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The Red Fairy Book

The Master Thief
THERE was once upon a time a husbandman who had three sons. He had no property to
bequeath to them, and no means of putting them in the way of getting a living, and did
not know what to do, so he said that they had his leave to take to anything they most
fancied, and go to any place they best liked. He would gladly accompany them for some
part of their way, he said, and that he did. He went with them till they came to a place
where three roads met, and there each of them took his own way, and the father bade
them farewell and returned to his own home again. What became of the two elder I have
never been able to discover, but the youngest went both far and wide.
It came to pass, one night, as he was going through a great wood, that a terrible storm
came on. It blew so hard and rained so heavily that he could scarcely keep his eyes open,
and before he was aware of it he had got quite out of the track, and could neither find
road nor path. But he went on, and at last he saw a light far away in the wood. Then he
thought he must try and get to it, and after a long, long time he did reach it. There was a
large house, and the fire was burning so brightly inside that he could tell that the people
were not in bed. So he went in, and inside there was an old woman who was busy about
some work.
`Good evening, mother!' said the youth.
`Good evening!' said the old woman.
`Hutetu! it is terrible weather outside to-night,' said the young fellow.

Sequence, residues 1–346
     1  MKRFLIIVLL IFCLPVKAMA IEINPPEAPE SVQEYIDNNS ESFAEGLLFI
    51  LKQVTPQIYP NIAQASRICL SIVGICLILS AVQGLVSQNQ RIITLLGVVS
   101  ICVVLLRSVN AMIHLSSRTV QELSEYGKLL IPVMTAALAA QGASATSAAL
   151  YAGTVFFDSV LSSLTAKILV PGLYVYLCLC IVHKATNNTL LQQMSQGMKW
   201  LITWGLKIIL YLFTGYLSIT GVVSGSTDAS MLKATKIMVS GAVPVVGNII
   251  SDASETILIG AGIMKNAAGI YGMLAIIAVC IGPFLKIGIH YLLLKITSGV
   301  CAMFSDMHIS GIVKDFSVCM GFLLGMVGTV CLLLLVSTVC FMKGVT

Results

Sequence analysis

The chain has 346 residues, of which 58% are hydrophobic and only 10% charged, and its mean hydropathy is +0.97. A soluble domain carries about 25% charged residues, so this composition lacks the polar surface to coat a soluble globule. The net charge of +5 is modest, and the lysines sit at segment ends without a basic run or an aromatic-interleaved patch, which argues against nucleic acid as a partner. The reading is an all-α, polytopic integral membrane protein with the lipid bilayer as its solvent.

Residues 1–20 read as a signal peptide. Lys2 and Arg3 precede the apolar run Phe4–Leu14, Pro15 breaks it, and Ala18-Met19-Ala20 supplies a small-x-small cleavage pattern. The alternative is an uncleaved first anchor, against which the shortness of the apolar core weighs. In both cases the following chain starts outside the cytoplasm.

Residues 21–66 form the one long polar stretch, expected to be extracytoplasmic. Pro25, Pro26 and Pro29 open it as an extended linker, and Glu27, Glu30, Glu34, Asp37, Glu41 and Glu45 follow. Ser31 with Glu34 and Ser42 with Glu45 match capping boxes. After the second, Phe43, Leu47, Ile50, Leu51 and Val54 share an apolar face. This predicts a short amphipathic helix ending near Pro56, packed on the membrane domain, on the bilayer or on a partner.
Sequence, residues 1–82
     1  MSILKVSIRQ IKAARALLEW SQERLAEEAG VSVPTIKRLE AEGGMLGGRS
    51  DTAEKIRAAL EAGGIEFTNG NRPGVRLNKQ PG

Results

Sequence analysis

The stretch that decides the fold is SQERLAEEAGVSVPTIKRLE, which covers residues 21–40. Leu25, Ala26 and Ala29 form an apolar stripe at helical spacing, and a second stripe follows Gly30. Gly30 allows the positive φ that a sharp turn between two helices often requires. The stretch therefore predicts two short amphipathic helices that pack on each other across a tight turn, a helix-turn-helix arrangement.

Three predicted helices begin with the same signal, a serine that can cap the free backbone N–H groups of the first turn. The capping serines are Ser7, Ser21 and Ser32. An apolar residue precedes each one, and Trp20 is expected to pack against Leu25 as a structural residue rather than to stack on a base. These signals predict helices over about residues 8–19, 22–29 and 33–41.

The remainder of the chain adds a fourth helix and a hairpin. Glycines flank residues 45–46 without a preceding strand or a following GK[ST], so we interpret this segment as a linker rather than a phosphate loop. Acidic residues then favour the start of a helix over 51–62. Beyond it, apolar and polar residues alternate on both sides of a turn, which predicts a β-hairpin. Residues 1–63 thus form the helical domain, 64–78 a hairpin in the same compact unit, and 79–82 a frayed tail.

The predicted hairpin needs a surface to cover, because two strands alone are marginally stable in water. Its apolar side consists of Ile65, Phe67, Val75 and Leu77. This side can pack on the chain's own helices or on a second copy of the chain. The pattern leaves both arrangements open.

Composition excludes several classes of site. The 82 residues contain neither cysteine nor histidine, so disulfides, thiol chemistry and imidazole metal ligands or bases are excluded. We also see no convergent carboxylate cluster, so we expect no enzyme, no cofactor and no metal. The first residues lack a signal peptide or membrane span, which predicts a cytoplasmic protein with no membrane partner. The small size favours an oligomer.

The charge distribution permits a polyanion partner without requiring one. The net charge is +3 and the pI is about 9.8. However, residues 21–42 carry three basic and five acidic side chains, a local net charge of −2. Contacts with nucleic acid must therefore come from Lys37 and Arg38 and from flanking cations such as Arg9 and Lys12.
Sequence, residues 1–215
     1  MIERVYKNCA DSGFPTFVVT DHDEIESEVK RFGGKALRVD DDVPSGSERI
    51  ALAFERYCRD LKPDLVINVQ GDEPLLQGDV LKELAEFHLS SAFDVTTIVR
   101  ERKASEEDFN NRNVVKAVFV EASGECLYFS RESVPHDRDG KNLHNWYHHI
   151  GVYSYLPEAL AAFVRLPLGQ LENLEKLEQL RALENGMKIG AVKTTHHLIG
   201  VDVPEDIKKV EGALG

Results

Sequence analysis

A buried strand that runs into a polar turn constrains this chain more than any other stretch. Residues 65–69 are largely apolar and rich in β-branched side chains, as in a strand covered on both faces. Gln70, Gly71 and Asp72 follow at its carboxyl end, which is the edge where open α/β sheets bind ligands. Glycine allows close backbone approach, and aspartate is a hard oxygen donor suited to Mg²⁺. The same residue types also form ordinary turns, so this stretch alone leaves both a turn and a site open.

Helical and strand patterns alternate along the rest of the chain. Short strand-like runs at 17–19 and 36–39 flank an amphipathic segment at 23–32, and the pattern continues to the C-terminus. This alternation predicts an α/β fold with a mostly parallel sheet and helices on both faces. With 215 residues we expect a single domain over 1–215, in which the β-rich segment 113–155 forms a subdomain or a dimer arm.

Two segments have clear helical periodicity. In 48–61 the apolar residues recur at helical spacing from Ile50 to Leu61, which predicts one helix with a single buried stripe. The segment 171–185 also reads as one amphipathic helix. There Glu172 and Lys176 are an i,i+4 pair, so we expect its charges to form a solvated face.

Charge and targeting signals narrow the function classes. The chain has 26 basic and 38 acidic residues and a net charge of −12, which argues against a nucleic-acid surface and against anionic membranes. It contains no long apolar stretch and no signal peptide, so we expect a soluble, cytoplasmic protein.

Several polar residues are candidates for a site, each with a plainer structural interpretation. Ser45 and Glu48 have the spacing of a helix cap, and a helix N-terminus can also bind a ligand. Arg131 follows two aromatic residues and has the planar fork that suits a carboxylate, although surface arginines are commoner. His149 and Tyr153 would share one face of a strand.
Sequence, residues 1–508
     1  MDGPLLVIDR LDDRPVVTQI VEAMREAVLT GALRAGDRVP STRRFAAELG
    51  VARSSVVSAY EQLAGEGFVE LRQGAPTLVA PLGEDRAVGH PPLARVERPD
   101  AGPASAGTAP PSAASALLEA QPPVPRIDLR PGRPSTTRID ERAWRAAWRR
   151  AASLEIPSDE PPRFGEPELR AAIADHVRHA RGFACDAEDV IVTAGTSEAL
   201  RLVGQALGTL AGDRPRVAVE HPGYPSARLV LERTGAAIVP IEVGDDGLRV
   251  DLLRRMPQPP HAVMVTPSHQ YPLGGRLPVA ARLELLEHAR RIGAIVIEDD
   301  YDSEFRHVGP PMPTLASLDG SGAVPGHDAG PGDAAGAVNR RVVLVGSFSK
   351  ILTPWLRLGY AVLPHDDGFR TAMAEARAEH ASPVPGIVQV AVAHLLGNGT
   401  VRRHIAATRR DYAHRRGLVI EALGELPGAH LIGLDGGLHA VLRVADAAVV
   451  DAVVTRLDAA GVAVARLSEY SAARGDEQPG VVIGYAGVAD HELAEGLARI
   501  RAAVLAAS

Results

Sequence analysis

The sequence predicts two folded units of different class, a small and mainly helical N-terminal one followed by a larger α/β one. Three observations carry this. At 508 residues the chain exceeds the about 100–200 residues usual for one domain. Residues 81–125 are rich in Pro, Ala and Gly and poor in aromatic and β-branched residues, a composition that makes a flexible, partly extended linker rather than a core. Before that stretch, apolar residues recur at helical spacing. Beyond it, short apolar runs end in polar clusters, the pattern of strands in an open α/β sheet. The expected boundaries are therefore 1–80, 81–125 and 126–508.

`Indeed it is,' said the old woman.
`Can I sleep here, and have shelter for the night?' asked the youth.
`It wouldn't be good for you to sleep here,' said the old hag, `for if the people of the house
come home and find you, they will kill both you and me.'
`What kind of people are they then, who dwell here?' said the youth.
`Oh! robbers, and rabble of that sort,' said the old woman; `they stole me away when I
was little, and I have had to keep house for them ever since.'
`I still think I will go to bed, all the same,' said the youth. `No matter what happens, I'll
not go out to-night in such weather as this.'
`Well, then, it will be the worse for yourself,' said the old woman.
The young man lay down in a bed which stood near, but he dared not go to sleep: and it
was better that he didn't, for the robbers came, and the old woman said that a young
fellow who was a stranger had come there, and she had not been able to get him to go
away again.
`Did you see if he had any money?' said the robbers.
 
 
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